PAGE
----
Fly of the month

Peacock Doctor

fotm october 2015

Originator is unknown but first tied around the 1920’s 

Edited by CARL WUEBBEN

 

The origin of this streamer is vague, but it appears to have been created in the early 1920’s or late 1910’s. Pat Barnes relates on a plate of his favorite flies, now owned by his son Charles that he “fished this fly extensively in prohibition days.” One of his favorite places to use it was Ennis Lake, known in those days as Meadow Lake. In prohibition days, Barnes, who began fly fishing at the age of twelve and as a teen-ager like Most Montana fly fishers favored presenting wet flies in the 1920’s. Pat was no exception.

PATTERN

 

HOOK – Mustad 79580, or equivalent, size #4 - #8
THREAD – Black 6/0
BODY – Flat silver tinsel
UNDERWING – Red bucktail under medium blue bucktail or calf tail
OVERWING  Six or eight peacock sword herl (Don’t use regular peacock herl

 

HOW TO TIE

 

  1. Debarb hook – mount in the vise – start your thread in just a little bit behind the eye of the hook then tie in your silver tinsel on top of the shank and with very close wraps so you make a smooth underbody and using the tinsel to help you – wrap back to the bend of the hook with the thread and the tinsel then again with very close wraps bring just your thread forward and stop just about 4 of 5 eyelets from the eye.
  2. Wrap the tinsel forward keeping each edge real tight to the other (touch wraps) and stop where your thread is now and tie off and clip the tag end of the tinsel off.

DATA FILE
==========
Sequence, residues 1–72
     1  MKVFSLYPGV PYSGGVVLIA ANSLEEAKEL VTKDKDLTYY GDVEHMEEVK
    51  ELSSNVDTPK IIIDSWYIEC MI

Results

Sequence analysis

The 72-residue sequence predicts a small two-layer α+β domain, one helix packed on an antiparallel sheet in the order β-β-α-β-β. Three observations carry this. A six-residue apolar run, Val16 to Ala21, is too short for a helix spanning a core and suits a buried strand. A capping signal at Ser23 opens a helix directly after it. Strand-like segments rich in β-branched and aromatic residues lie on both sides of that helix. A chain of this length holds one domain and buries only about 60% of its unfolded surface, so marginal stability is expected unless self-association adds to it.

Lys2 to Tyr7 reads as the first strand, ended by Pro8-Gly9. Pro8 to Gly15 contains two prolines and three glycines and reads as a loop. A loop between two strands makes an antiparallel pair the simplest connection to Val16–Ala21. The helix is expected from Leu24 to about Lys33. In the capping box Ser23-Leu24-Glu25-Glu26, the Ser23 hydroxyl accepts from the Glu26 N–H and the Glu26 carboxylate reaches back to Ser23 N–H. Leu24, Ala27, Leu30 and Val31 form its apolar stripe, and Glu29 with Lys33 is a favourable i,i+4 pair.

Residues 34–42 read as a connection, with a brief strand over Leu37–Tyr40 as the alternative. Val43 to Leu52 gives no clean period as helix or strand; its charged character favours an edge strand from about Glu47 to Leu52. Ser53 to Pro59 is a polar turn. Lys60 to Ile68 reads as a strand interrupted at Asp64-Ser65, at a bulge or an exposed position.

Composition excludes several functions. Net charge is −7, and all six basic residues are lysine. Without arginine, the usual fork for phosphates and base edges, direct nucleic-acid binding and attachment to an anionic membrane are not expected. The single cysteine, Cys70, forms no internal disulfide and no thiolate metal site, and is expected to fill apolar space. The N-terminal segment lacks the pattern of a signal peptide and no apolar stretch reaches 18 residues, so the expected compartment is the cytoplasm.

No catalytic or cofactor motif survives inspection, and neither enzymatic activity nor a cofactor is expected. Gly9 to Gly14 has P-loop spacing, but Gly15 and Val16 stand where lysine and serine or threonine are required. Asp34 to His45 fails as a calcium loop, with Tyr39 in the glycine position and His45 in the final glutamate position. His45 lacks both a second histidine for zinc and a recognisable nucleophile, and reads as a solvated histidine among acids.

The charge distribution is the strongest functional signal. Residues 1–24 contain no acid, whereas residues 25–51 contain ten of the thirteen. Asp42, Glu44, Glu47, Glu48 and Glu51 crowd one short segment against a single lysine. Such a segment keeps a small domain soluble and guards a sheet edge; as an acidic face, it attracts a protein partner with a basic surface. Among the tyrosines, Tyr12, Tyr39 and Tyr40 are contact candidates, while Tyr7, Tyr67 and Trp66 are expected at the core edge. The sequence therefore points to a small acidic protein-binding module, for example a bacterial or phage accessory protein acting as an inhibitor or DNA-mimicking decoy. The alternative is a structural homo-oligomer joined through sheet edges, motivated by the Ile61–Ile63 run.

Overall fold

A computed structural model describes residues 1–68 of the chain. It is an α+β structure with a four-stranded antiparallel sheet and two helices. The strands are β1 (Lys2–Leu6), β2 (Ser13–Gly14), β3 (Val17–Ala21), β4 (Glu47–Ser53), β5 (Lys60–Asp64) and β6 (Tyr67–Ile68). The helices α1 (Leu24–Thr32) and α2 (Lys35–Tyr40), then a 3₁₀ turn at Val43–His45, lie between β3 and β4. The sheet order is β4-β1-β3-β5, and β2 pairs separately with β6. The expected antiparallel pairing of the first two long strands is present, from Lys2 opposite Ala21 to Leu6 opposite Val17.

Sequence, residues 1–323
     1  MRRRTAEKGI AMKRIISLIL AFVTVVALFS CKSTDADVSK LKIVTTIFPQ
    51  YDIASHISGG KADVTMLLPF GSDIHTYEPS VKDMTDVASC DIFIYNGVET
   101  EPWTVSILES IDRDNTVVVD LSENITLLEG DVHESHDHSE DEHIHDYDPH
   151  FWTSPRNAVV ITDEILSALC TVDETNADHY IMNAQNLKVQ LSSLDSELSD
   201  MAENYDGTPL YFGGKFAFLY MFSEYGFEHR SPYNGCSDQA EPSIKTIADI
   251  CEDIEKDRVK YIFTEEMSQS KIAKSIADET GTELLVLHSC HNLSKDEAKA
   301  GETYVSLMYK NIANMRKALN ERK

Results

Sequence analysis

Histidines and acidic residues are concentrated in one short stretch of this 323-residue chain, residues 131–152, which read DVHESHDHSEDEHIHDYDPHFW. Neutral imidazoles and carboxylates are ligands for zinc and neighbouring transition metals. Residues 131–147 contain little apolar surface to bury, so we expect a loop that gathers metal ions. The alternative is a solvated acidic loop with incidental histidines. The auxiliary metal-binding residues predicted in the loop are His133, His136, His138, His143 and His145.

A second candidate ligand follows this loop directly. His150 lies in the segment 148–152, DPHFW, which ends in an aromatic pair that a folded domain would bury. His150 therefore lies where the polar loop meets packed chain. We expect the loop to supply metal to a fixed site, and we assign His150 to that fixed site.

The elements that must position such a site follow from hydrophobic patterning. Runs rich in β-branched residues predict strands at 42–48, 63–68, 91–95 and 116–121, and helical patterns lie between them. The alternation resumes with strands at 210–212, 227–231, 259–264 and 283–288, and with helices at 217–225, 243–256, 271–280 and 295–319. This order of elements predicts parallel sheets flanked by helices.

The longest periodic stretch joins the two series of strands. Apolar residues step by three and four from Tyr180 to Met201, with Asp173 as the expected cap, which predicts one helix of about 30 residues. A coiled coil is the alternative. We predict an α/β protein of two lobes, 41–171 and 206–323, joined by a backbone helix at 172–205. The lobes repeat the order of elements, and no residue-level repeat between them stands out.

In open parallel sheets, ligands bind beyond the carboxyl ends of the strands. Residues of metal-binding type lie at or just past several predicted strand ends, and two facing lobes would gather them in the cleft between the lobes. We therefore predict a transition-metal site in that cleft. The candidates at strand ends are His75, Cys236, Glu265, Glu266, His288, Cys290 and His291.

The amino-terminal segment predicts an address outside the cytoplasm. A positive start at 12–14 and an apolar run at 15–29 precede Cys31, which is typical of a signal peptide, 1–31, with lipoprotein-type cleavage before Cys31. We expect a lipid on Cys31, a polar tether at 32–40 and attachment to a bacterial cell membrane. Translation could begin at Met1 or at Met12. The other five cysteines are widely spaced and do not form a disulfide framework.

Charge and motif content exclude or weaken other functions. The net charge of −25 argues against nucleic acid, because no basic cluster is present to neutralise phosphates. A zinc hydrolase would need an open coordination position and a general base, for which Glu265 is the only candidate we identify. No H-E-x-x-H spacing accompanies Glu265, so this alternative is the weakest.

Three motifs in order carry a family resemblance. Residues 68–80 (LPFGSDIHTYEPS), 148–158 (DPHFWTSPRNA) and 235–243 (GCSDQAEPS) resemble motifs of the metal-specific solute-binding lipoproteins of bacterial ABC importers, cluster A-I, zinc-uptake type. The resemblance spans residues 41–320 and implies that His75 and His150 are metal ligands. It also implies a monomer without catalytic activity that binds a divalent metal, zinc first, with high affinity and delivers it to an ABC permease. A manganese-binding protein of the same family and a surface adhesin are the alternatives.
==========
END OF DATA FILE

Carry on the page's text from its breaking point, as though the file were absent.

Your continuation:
3. Now grab some red bucktail about the thickness of two hook shanks and one hook gape longer than the entire hook shank and tie in where your thread is now (4 or 5 eyelets from the eye) and on top of the shank (tips facing rearward) – this will be the bottom part of the of your underwing, clip off your tag ends of the bucktail at an angle so you will have a nice tapered head.
  4. Grab some medium blue bucktail about the thickness of one hook shank and the length of the hook shank then tie it in on top of the red bucktail (tips facing rearward) – clip at an angle again for that smooth tapered head.
  5. Tie in six or eight peacock sword herls (pull off of sword feather – don’t use regular peacock herls cause it’s not as vibrant and full) on top of the blue bucktail with the tips facing rearward and extending one gape length past the red bucktail – tie off then clip off your tag ends.
  6. Using the thread build up a tapered head to cover all the material tips and make a nice looking head – it should be about four or five eyelets space from the eyelet. Whip finish – clip off your thread then put some head cement on the head.

 

TIE UP A DOZEN OR TWO – AND GO FISHING*** But remember to practice C.P.R. (CATCH – PICTURE – RELEASE)